Given the strong rally in legacy CMBS, many investors are questioning how much and if there is any room for further spread tightening in the sector, FTN Financial analysts said in a report released yesterday.

They said that one tool for measuring the “cheapness” of legacy CMBS is the firm's daily CMBS regression. Their analysis showed that, on average, the 2006-2007 vintage A4s are now near fair value.

But, there is a wide range of spreads within this group depending on the underlying collateral's credit quality. Analysts evaluated the recent performance of some stronger and weaker credits in A4 tranches from the 2005- 2007 vintages to show where further spread tightening can most likely happen.

Through data, analysts showed that in each case the stronger-credit A4 tranches have more-than-fully recovered from the spread-widening that occured last summer. They are also currently offered tighter versus the early-July 2011 levels. However, data demonstrated that even though the spreads on the weaker-credit A4 tranches have retreated sharply since October 2011, current offerings on these bonds are still “cheap” to July 2011 levels.

According to the data, the current-offer spreads versus the July 2011 spreads for some stronger-credit and weaker-credit  A4 tranches from the 2005-2006 vintages showed that the stronger-credit A4s from each of these vintages now trade at levels that are tighter versus those from July 2011. The weaker-credit A4 from the 2006 vintage trades just slightly wider currently while the weaker-credit tranche from the 2005 vintage now trades fifteen basis points tighter.

With the 2005 vintage, analysts said it should be noted that the range of expected losses is much narrower relative to the 2006-2007 vintages. Thus, for a “weaker” credit such as GSMS 2005-GG4, their projected cumulative loss for the transaction is only 5.4% versus a defeasance-adjusted credit enhancement of about 25% for the A4 tranche, which is a coverage ratio of roughly five times. Although this bond does not seem to be a likely candidate for considerable near-term spread tightening, given its rating of 'AAA'/'AA-'/'Aa1' and yielding about 2% and a duration of roughly three years, it actually looks very favorably to 'AA'-rated corporate bonds that have similar durations yielding 1.5% or less, FTN analysts said.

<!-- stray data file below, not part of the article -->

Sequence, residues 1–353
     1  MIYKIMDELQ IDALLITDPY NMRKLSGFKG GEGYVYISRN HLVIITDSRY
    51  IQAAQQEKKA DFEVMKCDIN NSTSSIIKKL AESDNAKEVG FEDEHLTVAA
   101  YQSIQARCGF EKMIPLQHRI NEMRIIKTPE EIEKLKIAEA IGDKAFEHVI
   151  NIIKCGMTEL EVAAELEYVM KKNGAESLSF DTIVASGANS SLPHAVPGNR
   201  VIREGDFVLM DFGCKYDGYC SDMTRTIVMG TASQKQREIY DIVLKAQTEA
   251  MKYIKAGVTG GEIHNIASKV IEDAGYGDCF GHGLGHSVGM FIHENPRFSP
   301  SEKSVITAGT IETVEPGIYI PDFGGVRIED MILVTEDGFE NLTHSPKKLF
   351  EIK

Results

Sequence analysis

Better-than-expected economic data has buyers more cheerful regarding prospects for commercial real estate as proven by the very strong demand for new-issue CMBS. Even though FTN's regression analysis and historical spreads imply that a lot further spread tightening for legacy A4s is not likely in the near term, FTN analysts stated.

The exception to this can be lower-credit quality deals from the 2007 vintage. Inspite of the recent strong spread rally, they still see value at current levels in highly-rated A4s such as those from the 2005 vintage versus alternative asset classes.

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